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The Single Grave

Found dead 07/05/2018

Name, gender, age Blessing Matthew Obie (F, 21)

Region of origin Nigeria

Cause of death Drowned in Durance river near Briançon (Alps, French/Italian border) while fleeing the police

Source Vivre/CDS/Francetvinfo/20MFR/IOM/DICI/Liberation

Grave location search Yari Stilo

Grave localization Yari Stilo

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The Hospital

Found dead Various dates, around 25 bodies kept in container next to the offices of the forensic pathologist Pavlos Pavlidis for approximately 4-6 months, if no claims for the bodies are being reported the bodies are buried at the Sidiro Muslim Cemetery

Name, gender, age M and F

Region of origin Various

Cause of death Died while crossing the Evros River on the Turkish Greek border

Grave location search Tilemachos Tsolis

Grave localization Tilemachos Tsolis, Arkadi Zaides

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ART-SCIENCE-ACTIVIST WORLDING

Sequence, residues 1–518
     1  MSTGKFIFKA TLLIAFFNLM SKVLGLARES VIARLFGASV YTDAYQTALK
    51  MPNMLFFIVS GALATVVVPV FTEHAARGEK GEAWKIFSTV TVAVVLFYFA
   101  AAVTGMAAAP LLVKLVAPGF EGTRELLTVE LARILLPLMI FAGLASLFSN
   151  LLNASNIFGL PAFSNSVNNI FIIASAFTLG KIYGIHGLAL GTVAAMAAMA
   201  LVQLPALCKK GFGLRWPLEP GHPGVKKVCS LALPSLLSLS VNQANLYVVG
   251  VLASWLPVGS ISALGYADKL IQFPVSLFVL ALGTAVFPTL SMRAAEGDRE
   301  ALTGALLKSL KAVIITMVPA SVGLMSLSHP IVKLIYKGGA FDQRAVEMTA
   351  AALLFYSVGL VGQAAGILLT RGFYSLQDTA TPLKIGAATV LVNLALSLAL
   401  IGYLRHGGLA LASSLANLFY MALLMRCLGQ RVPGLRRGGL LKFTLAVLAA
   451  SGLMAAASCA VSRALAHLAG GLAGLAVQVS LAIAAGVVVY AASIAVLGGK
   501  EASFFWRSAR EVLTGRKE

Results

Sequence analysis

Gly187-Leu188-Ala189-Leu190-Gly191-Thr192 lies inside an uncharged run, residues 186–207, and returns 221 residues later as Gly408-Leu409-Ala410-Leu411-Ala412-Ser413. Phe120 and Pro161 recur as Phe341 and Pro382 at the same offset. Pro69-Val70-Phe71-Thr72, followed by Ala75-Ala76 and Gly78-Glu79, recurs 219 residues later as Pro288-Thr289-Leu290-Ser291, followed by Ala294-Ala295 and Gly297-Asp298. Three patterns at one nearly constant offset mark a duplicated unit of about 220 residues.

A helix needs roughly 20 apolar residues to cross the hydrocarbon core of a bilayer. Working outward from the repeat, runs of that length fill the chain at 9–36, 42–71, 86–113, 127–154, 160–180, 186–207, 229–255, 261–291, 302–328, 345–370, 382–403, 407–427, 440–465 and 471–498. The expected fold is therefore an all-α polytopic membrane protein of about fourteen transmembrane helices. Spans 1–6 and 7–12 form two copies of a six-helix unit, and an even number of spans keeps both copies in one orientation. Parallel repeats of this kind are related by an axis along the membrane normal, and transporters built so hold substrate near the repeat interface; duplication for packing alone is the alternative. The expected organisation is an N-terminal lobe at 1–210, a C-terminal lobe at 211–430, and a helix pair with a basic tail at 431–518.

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Donna Haraway’s concept of tentacular thinking does not pretend to emerge from one source of thinking. A myriad of tentacles is needed, with many appendages. It is a co-creative thinking-with and thinking-through bodies and things. In fact, the concept of deep-mapping, as an aesthetic tool enabling a reflection of epistemologies, crosses not only individuals, but also and preferably disciplinary boundaries (Springett). We could say that the long-term research-based performance project of Necropolis is involved in what Haraway calls an art-science-activist worlding that generates a mode of thought in which the discrete boundaries between disciplines and research domains are permeable. The art project renders an understanding, an imagination, but also the creation of a world teaming up with science and activism. This “art-science-activist worlding”[12] transcends mere interdisciplinary scientific research, as another production of knowledge is at stake. The hyphens in Haraway’s concept indicates that these worldings produce knowledge in relationality. Knowledge is not produced in one of the fields of the arts, science,” or activism, with the other field functioning as an auxiliary science. It is exactly in the connecting hyphens that knowledge resurges.